A young Samoan boy Fiapule has been invited to his best friend’s birthday party. Then, he finds out that his sister’s christening is the same day. This picture book discusses his dilemma: should he choose his friend over his family?
Fiapule is recounted in the 3rd person from the young boy Fiapule’s point of view. It switches between two different settings: Fiapule’s school and his home. At the start Fiapule is bubbling with excitement at the prospect of his best friend Liam’s birthday party on Sunday. But his mother then gently informs him that he cannot miss his sister’s christening due to take place the same day.
Hannken’s exploration of Fiapule’s response to the situation is both interesting and insightful. When Liam asks his friend if he is coming to the party, Fiapule remembers his mother’s words but, perhaps buoyed along by Liam’s enthusiasm, decides that “the christening was no big deal.” He is obviously kidding himself because later that day with his mother, in a clear attempt to keep everyone happy, he suggests a compromise: he could go to the christening and then on to Liam’s party. When this idea is rejected outright by Mum, he is angry at her lack of understanding, and later frustrated when he realises that his father expects him to be at the christening too.
The tears flow that night as he realises that he may have to let his best friend down. He works himself up into such a state trying to tell Liam the next day at school that he comes down with a fever and loses his temper with both his parents: “That’s all you care about, the stupid christening!” It is only after his father’s gentle explanation of the importance of family that Fiapule thinks about how his decision could impact them. He realises how disappointed his family members would be should he not be at the christening. And it is this empathy and understanding of his family’s values that inform his action – he is finally able to tell Liam he cannot go to the party.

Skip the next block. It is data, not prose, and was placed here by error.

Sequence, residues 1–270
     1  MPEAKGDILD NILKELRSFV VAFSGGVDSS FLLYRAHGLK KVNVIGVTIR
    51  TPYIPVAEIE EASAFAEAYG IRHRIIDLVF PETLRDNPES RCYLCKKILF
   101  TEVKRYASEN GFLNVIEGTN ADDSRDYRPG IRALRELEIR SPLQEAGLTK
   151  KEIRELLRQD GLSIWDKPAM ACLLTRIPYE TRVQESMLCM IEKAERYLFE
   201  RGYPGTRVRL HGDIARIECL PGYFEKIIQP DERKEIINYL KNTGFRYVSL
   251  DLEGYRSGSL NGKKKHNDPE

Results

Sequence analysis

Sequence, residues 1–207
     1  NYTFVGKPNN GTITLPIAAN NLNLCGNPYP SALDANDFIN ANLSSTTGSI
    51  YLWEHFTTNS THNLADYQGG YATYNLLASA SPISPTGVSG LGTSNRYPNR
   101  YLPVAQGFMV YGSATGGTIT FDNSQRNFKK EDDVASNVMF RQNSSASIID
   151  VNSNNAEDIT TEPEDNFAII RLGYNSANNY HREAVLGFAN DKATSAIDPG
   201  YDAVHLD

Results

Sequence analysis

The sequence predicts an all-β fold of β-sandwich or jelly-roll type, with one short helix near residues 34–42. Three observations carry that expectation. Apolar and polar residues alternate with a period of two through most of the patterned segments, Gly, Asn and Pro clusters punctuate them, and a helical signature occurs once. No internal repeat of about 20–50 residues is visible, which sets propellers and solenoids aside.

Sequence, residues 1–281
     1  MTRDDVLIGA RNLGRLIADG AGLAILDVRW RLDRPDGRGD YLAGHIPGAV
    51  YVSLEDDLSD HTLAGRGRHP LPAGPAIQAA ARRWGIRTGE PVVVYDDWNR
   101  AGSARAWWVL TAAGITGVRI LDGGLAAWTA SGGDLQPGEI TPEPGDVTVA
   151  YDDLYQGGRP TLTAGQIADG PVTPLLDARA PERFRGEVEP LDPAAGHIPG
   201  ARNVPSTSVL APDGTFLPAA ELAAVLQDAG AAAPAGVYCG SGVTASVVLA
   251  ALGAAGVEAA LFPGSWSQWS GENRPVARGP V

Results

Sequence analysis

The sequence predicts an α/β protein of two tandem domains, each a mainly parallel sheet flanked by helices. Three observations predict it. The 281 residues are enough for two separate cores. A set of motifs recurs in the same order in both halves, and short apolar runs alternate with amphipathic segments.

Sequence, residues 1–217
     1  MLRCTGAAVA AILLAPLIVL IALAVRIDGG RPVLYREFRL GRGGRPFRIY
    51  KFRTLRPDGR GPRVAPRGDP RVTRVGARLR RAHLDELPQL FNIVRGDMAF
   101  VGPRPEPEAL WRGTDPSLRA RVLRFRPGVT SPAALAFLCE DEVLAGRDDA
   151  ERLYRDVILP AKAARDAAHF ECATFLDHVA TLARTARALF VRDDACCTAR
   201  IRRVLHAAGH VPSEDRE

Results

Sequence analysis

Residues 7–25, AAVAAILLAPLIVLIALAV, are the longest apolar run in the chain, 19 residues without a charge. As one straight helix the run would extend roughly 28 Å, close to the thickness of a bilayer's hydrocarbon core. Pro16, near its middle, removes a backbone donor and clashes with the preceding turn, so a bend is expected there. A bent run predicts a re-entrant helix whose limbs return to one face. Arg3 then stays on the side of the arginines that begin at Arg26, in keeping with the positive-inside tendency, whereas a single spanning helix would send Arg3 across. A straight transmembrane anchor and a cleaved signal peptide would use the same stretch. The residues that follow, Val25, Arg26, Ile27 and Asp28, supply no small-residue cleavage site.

The theme of this picture book is universal: we have all experienced occasions where we have had to make difficult decisions, and choose family over friends. And it is fascinating to share in Fiapule’s dilemma from beginning to end. But this story has an extra cultural dimension. As Fiapule’s father explains to his son after his angry outburst: “Fa’a Samoa; it is the way of our people … If we stand alone, we will blow away in the wind, but if we stand with our family around us, then we are strong.” Fa’a Samoa is The Samoan Way and aiga, or extended family, is an integral and essential part of it, as are the matai (chiefs) and the church.* The christening has deep significance both as a religious occasion and as a family gathering for Fiapule’s family. Through his dilemma and under his parents’ guidance, Fiapule learns about the traditions and expectations of Samoan culture and adopts them for his own.
And once he has taken his decision, Fiapule discovers that things aren’t as bad as he might have thought. Liam is still keen to play basketball with him even though he has just learnt his friend cannot come to his party. He even stops at Fiapule’s house on the Sunday to deliver some cake and an invitation to a special birthday dinner the following evening. It is a reminder that true friendship is understanding and ongoing.
The illustrations are sympathetic with a strong focus on people and their interactions with each other. I particularly noticed the physical closeness of the characters to one another at the beginning of the story. In one of the early illustrations, Fiapule crouches down to look at his sister in his mother’s arms, a smile on his face. Distance is then shown between Fiapule and his parents when he learns he cannot go to Liam’s party. For example, Fiapule and his father are shown side on in the same space, but while his father is busy preparing for the christening, Fiapule stands his head bowed, hand on hip, separate both physically and emotionally as he works through his feelings.
Fiapule is a valuable book for raising discussions about conflicting priorities, family values and friendships; it also provides readers with a fascinating introduction to some aspects of fa’a Samoa, The Samoan way.
Fiapule by Catherine Hannken, illustrated by Trish Bowles (Mallinson Rendel, 2007)
Catherine Hannken is a primary school teacher and children’s author. She was born and raised in Auckland, New Zealand, where she still lives today.
Trish Bowles is a freelance artist and children’s book illustrator with more than 30 books to her name. She is based in Christchurch, New Zealand.
Catherine Hannken and Trish Bowles have collaborated on two other picture books with Samoan themes, Selafina (2003) and Talia (2009).
A learning/discussion activity based on Fiapule is available on the NZ Pacific Picture Book site.
*98% of Samoans are Christian I discovered in the course of my research into Samoa. In fact, in June this year (2017), Samoa officially became a Christian state.